I must give a big thank-you to The Maui News for making me laugh out loud on Feb. 13. I had noted in the previous day's issue an incomplete sentence beginning a jump to an inside page and ending with "worn by model Kate Upton, whom Cabrinha said is appearing on her second swimsuit edition cover."
When a correction of the story was printed the next day, I naively thought it was to fix that misuse of "whom." Unbelievably, the correction only added the dropped words and repeated the "whom" mistake. I can understand the first oversight, but to repeat an elementary school error is unbelievable.
"Who" is always the subject of the sentence, "whom" the object. In this case, "who" is the subject of the phrase "is appearing on her second," the phrase "said is" immaterial in determining correct usage.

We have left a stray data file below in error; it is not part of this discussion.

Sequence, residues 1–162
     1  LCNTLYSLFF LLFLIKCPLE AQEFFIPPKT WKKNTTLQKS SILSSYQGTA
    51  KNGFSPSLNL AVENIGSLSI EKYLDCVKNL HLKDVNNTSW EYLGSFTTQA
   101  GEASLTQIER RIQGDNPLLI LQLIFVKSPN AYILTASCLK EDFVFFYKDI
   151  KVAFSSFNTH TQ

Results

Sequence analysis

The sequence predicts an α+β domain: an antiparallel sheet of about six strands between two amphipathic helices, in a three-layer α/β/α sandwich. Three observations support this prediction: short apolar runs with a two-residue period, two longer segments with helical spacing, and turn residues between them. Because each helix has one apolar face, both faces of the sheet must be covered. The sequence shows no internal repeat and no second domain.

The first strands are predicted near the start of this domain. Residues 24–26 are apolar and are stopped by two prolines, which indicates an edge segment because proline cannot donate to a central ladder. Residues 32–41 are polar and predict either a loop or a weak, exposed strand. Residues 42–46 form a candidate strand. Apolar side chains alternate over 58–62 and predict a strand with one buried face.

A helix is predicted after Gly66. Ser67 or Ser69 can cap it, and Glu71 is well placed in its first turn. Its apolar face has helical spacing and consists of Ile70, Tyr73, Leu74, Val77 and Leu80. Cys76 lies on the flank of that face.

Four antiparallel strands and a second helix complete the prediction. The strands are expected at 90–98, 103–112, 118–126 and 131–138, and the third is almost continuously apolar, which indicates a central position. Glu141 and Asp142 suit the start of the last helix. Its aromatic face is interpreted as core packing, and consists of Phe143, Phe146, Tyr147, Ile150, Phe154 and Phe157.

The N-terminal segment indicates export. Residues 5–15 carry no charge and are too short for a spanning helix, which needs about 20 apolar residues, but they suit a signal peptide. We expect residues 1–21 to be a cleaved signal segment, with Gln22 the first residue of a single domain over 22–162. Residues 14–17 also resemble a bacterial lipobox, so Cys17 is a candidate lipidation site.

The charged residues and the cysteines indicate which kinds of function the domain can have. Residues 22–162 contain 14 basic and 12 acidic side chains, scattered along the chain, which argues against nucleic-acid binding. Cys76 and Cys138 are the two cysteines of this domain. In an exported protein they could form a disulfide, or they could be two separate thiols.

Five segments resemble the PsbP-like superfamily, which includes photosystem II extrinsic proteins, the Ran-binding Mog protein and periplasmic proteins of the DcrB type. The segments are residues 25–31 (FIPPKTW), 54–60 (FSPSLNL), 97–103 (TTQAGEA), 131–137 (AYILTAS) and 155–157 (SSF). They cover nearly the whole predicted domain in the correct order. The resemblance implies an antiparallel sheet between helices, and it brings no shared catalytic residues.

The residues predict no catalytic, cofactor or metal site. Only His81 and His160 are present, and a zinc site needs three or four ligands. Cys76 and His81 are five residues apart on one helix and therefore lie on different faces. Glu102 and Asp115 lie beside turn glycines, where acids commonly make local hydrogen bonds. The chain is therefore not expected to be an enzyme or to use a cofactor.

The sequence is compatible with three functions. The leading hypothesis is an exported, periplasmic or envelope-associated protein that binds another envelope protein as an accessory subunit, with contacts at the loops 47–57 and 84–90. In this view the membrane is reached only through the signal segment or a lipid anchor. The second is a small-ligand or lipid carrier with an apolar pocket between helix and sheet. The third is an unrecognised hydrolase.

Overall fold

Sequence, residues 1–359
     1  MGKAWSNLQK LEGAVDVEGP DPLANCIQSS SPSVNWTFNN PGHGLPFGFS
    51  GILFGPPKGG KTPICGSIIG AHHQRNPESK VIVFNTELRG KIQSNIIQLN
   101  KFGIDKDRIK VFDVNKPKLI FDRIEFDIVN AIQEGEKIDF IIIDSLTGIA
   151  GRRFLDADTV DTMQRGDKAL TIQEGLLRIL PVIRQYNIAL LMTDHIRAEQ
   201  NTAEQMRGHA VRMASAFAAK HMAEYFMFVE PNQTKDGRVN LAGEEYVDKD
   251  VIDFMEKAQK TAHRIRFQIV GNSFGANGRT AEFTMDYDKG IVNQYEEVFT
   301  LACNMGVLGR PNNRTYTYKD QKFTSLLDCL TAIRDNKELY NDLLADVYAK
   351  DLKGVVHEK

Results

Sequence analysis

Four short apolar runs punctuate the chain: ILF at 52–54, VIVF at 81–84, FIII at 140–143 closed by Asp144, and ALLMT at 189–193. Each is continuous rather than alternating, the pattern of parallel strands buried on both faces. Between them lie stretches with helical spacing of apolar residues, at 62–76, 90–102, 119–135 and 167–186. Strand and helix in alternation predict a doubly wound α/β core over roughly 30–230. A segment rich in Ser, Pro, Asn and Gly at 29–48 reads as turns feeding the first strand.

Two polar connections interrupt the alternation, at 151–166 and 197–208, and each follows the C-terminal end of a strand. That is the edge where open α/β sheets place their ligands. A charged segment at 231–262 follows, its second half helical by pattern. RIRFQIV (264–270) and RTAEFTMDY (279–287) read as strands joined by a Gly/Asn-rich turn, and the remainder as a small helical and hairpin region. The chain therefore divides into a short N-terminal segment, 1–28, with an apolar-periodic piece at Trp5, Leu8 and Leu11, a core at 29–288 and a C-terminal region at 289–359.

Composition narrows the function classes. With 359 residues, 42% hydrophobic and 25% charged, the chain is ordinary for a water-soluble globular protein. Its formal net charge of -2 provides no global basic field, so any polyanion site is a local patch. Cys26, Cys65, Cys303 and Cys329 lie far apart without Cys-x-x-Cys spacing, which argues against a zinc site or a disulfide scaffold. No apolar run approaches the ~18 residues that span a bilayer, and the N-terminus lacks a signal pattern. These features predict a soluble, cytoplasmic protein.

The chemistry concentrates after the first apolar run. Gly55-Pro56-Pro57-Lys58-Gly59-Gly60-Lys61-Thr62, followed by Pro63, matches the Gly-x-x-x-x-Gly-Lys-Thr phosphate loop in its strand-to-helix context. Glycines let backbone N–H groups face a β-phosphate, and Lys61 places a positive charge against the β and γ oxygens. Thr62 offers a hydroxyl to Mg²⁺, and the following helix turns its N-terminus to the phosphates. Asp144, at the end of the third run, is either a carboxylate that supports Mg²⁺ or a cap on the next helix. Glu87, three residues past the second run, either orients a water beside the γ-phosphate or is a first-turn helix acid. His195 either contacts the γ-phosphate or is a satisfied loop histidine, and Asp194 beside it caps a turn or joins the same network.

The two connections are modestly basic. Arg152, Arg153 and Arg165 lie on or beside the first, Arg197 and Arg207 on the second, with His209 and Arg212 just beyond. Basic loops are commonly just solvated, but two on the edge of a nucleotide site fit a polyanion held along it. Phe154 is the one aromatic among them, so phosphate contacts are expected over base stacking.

Earlier, The Maui News ran a story with an equally ridiculous use of "an" before a word beginning with a hard "h." The inane talking heads on TV apparently can't figure if they are speaking British or American English, but how does someone make another elementary school mistake in print?
The British might say "an house" because their accent drops the "h." Thus they would pronounce the noun as "ouse," naturally requiring "an" before a word beginning with a vowel or vowel sound.
Can it be The Maui News has axed its copy editors and has its reporters rely on spell check?